I'm working through Allen Downey's How To Think Like A Computer Scientist, and I've written what I believe to be a functionally correct solution to Exercise 10.10. But it took just over 10 hours (!) to run, so I'm wondering if I'm missing some really obvious and helpful optimization.
Here's the Exercise:
"Two words 'interlock' if taking alternating letters from each forms a new word. For example, 'shoe' and 'cold' interlock to form 'schooled'. Write a program that finds all pairs of words that interlock. Hint: Don't enumerate all pairs!"
(For these word-list problems, Downey has supplied a file with 113809 words. We may assume that these words are in a list, one word per item in the list.)
Here's my solution:
from bisect import bisect_left def index(lst, target): """If target is in list, returns the index of target; otherwise returns None""" i = bisect_left(lst, target) if i != len(lst) and lst[i] == target: return i else: return None def interlock(str1, str2): "Takes two strings of equal length and 'interlocks' them." if len(str1) == len(str2): lst1 = list(str1) lst2 = list(str2) result =  for i in range(len(lst1)): result.append(lst1[i]) result.append(lst2[i]) return ''.join(result) else: return None def interlockings(word_lst): """Checks each pair of equal-length words to see if their interlocking is a word; prints each successful pair and the total number of successful pairs.""" total = 0 for i in range(1, 12): # 12 because max word length is 22 # to shorten the loops, get a sublist of words of equal length sub_lst = filter(lambda(x): len(x) == i, word_lst) for word1 in sub_lst[:-1]: for word2 in sub_lst[sub_lst.index(word1)+1:]: # pair word1 only with words that come after word1 word1word2 = interlock(word1, word2) # interlock word1 with word2 word2word1 = interlock(word2, word1) # interlock word2 with word1 if index(lst, word1word2): # check to see if word1word2 is actually a word total += 1 print "Word 1: %s, Word 2: %s, Interlock: %s" % (word1, word2, word1word2) if index(lst, word2word1): # check to see if word2word1 is actually a word total += 1 print "Word 2, %s, Word 1: %s, Interlock: %s" % (word2, word1, word2word1) print "Total interlockings: ", total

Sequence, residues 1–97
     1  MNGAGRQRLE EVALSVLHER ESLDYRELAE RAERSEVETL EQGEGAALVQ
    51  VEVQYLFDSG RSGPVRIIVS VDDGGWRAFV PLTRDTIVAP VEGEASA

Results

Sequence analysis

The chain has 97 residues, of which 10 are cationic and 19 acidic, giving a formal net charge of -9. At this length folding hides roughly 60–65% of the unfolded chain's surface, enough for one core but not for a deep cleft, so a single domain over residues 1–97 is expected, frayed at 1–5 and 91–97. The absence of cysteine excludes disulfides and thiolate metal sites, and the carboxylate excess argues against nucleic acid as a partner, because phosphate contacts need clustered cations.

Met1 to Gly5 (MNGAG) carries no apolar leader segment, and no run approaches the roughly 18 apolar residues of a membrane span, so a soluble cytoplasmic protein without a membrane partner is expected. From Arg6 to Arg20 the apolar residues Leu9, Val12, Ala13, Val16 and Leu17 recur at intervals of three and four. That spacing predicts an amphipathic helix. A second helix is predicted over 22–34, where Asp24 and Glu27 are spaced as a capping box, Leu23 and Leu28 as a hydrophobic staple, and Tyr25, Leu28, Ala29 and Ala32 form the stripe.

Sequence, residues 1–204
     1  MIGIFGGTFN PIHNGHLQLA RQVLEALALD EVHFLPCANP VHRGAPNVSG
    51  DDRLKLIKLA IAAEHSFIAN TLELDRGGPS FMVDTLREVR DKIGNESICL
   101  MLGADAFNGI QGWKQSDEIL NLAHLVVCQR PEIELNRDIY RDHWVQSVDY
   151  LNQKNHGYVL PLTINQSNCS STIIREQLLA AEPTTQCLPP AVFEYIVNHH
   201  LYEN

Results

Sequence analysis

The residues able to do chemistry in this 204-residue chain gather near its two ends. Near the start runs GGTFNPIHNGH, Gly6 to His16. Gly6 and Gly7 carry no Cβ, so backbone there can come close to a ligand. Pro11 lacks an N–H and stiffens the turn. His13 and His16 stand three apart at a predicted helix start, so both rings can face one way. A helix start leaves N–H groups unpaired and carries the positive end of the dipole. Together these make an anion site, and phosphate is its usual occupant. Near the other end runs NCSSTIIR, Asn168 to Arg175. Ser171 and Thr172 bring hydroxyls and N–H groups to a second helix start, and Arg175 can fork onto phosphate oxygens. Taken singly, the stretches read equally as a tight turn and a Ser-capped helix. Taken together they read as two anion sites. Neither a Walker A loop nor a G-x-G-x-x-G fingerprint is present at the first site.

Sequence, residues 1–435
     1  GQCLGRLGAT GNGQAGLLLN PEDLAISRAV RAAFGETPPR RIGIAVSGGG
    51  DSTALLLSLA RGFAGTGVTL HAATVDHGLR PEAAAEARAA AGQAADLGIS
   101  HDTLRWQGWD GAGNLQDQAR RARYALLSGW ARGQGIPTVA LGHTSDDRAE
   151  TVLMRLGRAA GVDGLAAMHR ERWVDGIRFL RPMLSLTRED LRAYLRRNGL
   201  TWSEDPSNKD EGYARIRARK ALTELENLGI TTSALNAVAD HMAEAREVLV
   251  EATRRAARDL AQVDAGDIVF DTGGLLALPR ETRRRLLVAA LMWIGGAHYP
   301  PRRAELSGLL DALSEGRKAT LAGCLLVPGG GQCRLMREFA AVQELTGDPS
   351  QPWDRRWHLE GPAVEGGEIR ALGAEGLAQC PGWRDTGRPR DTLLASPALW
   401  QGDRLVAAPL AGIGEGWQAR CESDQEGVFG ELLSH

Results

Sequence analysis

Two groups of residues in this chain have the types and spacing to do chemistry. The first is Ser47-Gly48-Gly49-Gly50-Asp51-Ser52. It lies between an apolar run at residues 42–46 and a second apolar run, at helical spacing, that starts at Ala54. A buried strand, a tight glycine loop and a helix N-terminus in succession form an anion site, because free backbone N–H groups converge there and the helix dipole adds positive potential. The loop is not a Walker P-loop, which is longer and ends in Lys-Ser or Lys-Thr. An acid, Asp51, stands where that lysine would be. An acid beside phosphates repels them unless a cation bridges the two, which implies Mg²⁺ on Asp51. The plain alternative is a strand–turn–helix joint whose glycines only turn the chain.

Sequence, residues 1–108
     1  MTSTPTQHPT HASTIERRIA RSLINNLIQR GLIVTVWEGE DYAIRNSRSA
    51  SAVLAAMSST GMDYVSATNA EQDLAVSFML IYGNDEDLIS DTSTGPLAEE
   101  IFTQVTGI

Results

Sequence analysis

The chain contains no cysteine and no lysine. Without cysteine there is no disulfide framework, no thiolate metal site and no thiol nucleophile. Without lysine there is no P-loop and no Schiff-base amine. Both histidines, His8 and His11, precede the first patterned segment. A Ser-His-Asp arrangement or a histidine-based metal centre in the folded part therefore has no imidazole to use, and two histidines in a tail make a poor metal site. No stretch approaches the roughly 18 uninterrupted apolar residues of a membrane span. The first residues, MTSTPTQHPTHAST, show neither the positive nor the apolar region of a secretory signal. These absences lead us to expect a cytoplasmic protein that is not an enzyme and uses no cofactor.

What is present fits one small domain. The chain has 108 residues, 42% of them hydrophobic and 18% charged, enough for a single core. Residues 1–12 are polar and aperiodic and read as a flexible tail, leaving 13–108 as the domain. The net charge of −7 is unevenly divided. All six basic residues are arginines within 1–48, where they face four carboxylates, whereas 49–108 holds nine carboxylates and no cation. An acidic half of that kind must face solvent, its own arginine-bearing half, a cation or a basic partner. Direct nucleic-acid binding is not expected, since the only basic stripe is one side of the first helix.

The print statements are not the problem; my program found only 652 such pairs. The problem is the nested loops, right? I mean, even though I'm looping over lists that contain only words of the same length, there are (for example) 21727 words of length 7, which means my program has to check over 400 million "interlockings" to see if they're actual words---and that's just for the length-7 words.
So again, this code took 10 hours to run (and found no pairs involving words of length 5 or greater, in case you were curious). Is there a better way to solve this problem?
Thanks in advance for any and all insight. I'm aware that "premature optimization is the root of all evil"---and perhaps I've fallen into that trap already---but in general, while I can usually write code that runs correctly, I often struggle with writing code that runs well.